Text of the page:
Bruce Lindke

Bruce Lindke

County Clerk at Deputy

General Information


Port Huron High School


degree  - mortuary science , Cincinnati College of Mortuary Science


Matron and Secretary  - 

Recent News  

Lane has the highest praise for a management team led by Bruce Lindke, his undersheriff for the entire 20 years.
Making it Official: Chief Deputy County Clerk Valerie Martinek swears in Bruce Lindke as undersheriff and Dan Lane as sheriff on Jan. 1, 1989. Making it Official: Chief Deputy County Clerk Valerie Martinek swears in Bruce Lindke as undersheriff and Dan Lane as sheriff on Jan. 1, 1989. (Times Herald file photo)

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Brown: Lindke, Torrey are law enforcement's finest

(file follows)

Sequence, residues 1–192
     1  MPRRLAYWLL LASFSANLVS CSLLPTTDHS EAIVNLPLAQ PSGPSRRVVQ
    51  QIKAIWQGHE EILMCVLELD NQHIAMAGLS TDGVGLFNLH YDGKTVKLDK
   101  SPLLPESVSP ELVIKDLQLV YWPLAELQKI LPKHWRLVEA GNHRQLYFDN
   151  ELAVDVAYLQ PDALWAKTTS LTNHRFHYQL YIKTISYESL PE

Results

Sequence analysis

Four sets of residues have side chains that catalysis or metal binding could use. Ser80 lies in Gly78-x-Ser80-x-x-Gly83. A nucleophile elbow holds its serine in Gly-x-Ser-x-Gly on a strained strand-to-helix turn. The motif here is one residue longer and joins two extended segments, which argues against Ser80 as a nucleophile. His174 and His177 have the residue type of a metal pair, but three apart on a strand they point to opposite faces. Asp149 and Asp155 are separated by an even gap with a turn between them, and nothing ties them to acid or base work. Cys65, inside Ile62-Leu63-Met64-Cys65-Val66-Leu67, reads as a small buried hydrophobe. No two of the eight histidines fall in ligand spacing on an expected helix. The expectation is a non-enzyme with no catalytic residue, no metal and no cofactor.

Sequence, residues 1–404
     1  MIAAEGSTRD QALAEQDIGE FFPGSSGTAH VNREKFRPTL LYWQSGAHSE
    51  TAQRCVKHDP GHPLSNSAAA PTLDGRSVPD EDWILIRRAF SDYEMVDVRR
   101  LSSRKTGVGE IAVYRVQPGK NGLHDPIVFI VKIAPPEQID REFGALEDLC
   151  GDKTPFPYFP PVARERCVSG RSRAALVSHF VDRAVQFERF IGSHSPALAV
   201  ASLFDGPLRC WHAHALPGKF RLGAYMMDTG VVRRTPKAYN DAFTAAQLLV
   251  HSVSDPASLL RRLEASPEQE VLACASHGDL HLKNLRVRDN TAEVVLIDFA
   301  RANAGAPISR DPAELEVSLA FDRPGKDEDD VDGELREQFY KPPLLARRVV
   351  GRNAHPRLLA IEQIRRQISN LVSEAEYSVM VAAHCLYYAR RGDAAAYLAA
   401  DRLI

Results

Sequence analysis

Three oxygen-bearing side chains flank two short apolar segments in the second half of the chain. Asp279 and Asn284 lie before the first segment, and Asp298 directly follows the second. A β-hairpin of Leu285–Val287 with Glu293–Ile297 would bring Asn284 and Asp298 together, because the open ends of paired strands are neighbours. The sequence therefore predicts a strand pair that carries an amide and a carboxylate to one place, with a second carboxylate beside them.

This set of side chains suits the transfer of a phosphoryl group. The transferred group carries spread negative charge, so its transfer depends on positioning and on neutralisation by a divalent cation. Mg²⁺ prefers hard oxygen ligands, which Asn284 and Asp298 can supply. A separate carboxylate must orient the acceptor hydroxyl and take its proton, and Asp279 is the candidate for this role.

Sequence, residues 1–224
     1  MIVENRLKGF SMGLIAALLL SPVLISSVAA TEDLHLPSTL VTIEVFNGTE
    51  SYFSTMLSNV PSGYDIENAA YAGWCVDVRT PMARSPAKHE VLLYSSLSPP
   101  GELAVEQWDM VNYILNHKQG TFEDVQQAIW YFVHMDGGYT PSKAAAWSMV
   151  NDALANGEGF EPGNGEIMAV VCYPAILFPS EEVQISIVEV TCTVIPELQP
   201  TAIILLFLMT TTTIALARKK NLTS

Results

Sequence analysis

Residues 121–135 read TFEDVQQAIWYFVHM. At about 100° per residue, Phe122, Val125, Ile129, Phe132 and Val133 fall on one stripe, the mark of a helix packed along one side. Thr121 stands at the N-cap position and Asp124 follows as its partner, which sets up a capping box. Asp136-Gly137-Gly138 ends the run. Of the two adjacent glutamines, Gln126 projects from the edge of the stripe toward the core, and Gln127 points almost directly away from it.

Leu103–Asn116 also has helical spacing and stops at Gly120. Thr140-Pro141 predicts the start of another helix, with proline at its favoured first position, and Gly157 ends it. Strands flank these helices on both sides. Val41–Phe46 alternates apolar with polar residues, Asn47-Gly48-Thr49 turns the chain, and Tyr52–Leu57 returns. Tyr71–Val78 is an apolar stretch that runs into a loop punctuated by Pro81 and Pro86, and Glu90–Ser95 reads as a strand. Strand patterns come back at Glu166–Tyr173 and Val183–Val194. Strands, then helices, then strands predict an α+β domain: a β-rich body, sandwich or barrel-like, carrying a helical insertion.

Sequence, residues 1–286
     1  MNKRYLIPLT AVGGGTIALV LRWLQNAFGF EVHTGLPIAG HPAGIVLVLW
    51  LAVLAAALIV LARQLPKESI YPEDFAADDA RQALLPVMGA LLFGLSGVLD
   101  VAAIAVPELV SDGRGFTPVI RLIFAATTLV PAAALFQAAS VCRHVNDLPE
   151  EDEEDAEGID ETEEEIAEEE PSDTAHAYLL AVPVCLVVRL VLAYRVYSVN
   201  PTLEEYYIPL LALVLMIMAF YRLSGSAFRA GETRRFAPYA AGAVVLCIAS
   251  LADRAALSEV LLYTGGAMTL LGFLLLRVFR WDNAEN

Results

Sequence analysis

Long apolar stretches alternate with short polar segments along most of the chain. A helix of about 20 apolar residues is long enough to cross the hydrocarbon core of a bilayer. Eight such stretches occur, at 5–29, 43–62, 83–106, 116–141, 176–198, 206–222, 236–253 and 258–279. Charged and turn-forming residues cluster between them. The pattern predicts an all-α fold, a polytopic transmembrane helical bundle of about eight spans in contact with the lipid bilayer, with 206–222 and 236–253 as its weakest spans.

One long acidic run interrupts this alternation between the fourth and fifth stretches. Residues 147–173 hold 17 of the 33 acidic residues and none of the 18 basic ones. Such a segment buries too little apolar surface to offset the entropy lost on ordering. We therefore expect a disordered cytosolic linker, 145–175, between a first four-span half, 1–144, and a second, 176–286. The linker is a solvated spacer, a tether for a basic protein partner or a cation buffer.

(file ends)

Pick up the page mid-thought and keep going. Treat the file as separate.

Bruce Lindke was working part-time at the Smith Funeral Home in Port Huron when our paths crossed for the first time in August 1969. As police reporter for the Time Herald, I was there in 1969 when Tom and Bruce were hired for 50 cents an hour by the late Sheriff Norman D. Meharg as special deputies for the St. Clair County Sheriff Department. Bruce, hired as a full-time road-patrol deputy Jan. 1, 1970, is the longest serving undersheriff in the history of the county. "But that's only because the longest-serving sheriff, Dan Lane, kept reappointing me undersheriff each time he was re-elected," Bruce said. Tom and Bruce became two of the most respected law enforcement officers, not only in St. Clair County and the Blue Water Area but throughout Michigan. Bruce and Bob never assumed anything. They always did their homework, and through the years they were asked by other police detective teams throughout the county and Michigan to assist in many homicide and murder investigations. Bruce and Bob never were afraid to challenge the obvious. They always took the lead, and they always trusted their instincts. For me, anyway, they embodied what great police detective work is all about. Still, there are unsolved homicide investigations that will always haunt Bruce and Bob. Bruce said that if a murder isn't solved within 72 hours, chances are it may never be solved. Police can't do it alone, they need the public's cooperation too, he said. "But it's the Karen Marie Umphrey murder that still begs to be solved for me," Bruce said. A murder case is never closed until its solved, Bruce said. Bruce and Bob also headed the largest homicide case in St. Clair County's history, which occurred April 7, 1982. Five members of a Yale-area family were shot to death in their home. As lead investigators in the grisly slaying, Bruce and Bob arrested 16-year-old Jimmy Porter of Yale. "That was the worst tragedy I ever had to investigate," Bruce said. Looking back on the years Ralph and I worked with Tom Torrey and Bruce Lindke, you can't help but see the love that they had for their work. Ask anyone who knows Tom and Bruce. Every job has its own nobility, and Tom and Bruce, for nearly 75 years combined, gave their work the respect it deserved. Bruce and Tom's longtime civic and community work, especially their involvement with the March of Dimes Jail and Bail programs, speaks for itself. Bruce, 62, was born July 31, 1946, to Edwin and Katherine Lindke. Bruce also received a degree in mortuary science in 1969 from the Cincinnati College of Mortuary Science. He still works at the Smith Funeral Home part time. Bruce and his wife, Merlene, were married Feb. 1, 1975. Bruce met Merlene in 1973 while she was working as a matron and secretary at the jail. "We'll do a little vacationing here and there, but this is still home for me, and our friends are here," Bruce said. In 1969, two young men, Tom Torrey and Bruce Lindke confidently took a magnificent personal challenge -- they dared to care about others.

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